"In verbo veritatis" (2 Cor 6:7)

August 29, 2010

Between memory and hope

Filed under: Homilies — komonchak @ 8:46 am

Twenty-Second Sunday in Ordinary Time – August 29, 2010 – St. John’s, Goshen

Two weeks ago, we heard the author of the Epistle to the Hebrews refer to the great figures of the history of Israel as a “cloud of witnesses” that surround us, and which we could expand to include the great figures of our Christian history, down to grandparents and parents, down to the generation that led us to faith and love of God. Today’s reading ends the same chapter and this time looks forward, looks toward the future, the complete gathering of God’s people in the Kingdom, at the end. (more…)

August 8, 2010

Our father in faith

Filed under: Uncategorized — komonchak @ 10:27 am

Nineteenth Sunday in Ordinary Time – August 8, 2010 – St. John’s, Goshen

The eleventh chapter of the Epistle to the Hebrews, from which our second reading is taken, is a lengthy recollection of the great heroes of Jewish faith. The list begins with Abel and his offering of a sacrifice pleasing to God and moves on then to Enoch and Noah and to the great patriarchs before concluding with Moses and an evocation simply by name of other great figures of the Old Testament. Of them all the author has two wonderful things to say: not only that “the world was not worthy of them,” but that “God himself was not ashamed to be called their God.” The God who refused to give the name that would reveal his inmost being was not ashamed to call himself the God of Abraham, the God of Isaac, the God of Jacob.”

The figure of Abraham is singled out in the portion of the chapter we have heard. (more…)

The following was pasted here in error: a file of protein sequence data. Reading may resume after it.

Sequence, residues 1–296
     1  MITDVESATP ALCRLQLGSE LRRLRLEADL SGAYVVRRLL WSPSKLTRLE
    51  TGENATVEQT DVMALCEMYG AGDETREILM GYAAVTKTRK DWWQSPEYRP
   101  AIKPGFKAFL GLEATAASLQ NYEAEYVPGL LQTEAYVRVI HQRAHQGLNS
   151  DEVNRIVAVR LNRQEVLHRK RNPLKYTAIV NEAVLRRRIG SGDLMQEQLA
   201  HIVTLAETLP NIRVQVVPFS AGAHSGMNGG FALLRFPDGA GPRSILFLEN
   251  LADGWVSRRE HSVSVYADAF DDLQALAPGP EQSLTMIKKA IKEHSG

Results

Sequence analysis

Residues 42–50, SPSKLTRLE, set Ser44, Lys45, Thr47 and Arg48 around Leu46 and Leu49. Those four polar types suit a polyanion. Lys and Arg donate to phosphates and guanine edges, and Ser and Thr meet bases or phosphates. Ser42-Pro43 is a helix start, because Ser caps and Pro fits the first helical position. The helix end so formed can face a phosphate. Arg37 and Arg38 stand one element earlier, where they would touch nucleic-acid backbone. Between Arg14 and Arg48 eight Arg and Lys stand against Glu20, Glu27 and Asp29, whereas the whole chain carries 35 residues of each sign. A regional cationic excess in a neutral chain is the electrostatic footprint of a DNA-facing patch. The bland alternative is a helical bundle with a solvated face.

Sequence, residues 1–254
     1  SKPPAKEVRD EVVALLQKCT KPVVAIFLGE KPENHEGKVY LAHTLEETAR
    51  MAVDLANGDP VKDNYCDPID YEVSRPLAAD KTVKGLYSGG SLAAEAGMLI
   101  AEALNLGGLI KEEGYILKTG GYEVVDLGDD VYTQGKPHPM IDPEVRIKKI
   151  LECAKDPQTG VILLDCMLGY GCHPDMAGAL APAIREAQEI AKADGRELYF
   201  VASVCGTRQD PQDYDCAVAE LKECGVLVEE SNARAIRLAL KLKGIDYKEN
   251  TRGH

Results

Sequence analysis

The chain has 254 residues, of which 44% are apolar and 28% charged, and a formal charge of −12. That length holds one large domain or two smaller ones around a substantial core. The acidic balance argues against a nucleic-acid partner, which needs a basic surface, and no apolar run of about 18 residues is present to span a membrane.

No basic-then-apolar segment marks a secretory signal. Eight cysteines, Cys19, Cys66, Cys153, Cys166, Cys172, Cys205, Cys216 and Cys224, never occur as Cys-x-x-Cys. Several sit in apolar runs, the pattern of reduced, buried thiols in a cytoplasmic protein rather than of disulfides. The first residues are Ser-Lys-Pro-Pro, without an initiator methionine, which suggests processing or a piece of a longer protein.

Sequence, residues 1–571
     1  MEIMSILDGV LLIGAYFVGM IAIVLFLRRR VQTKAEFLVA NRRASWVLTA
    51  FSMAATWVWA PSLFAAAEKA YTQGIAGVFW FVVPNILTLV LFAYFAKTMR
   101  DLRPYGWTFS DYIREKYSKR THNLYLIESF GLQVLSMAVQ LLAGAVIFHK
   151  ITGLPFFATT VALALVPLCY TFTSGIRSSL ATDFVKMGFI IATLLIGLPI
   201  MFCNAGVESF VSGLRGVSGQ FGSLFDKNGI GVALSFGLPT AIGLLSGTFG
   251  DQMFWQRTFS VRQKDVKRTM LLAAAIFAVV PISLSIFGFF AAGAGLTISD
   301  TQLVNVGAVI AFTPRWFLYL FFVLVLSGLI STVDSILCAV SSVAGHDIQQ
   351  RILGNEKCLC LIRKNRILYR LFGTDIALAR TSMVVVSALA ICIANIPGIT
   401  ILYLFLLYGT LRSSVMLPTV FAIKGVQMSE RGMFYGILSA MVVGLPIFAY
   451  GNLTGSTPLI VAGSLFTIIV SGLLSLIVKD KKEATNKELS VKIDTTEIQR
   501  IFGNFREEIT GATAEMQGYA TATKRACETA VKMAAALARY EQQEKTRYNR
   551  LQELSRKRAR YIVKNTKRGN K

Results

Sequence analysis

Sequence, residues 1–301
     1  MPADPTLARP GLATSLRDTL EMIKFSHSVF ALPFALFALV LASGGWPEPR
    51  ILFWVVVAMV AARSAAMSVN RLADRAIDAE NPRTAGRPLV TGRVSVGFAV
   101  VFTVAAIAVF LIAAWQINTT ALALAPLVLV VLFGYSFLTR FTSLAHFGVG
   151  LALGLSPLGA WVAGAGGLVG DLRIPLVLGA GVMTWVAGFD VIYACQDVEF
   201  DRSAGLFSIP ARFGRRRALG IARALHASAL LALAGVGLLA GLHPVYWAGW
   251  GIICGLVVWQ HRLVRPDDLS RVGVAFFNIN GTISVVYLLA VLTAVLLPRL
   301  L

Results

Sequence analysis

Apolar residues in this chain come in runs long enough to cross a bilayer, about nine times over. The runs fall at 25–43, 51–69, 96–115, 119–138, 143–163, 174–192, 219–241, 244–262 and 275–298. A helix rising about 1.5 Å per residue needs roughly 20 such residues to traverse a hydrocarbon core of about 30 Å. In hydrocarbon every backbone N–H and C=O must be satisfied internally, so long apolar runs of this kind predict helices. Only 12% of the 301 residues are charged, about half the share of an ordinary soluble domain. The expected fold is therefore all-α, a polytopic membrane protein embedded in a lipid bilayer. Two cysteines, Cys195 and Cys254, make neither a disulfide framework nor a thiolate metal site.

August 1, 2010

The coats in our closets

Filed under: Homilies — komonchak @ 2:38 pm

Eighteenth Sunday in Ordinary Time – August 1, 2010 – St. John’s Goshen

All three of today’s biblical readings warn us against greed and against placing the meaning and the value of our lives in our possessions. The first reading is from the book of Ecclesiastes in which we hear another one of the gloomy assessments of the world-weary man named Qoheleth. (Today we would probably say that he suffers from depression!) “Vanity of vanities,” he sighs, “Emptiness of emptiness!” “Nothing is worth anything,” “Everything is useless,” we might paraphrase. A man labors all his life to gain possessions, but then has to leave it to someone who’s never worked. Perhaps our example today would be the man who works and works to accumulate as much pension as he can, and then dies a week after he retires. And then there’s all the worry that comes from possessions, worrying about thieves and other problems. He’s lucky he didn’t know about stock market fluctuations. All this is the somewhat jaded common sense that comes from long observation of the human comedy. (more…)

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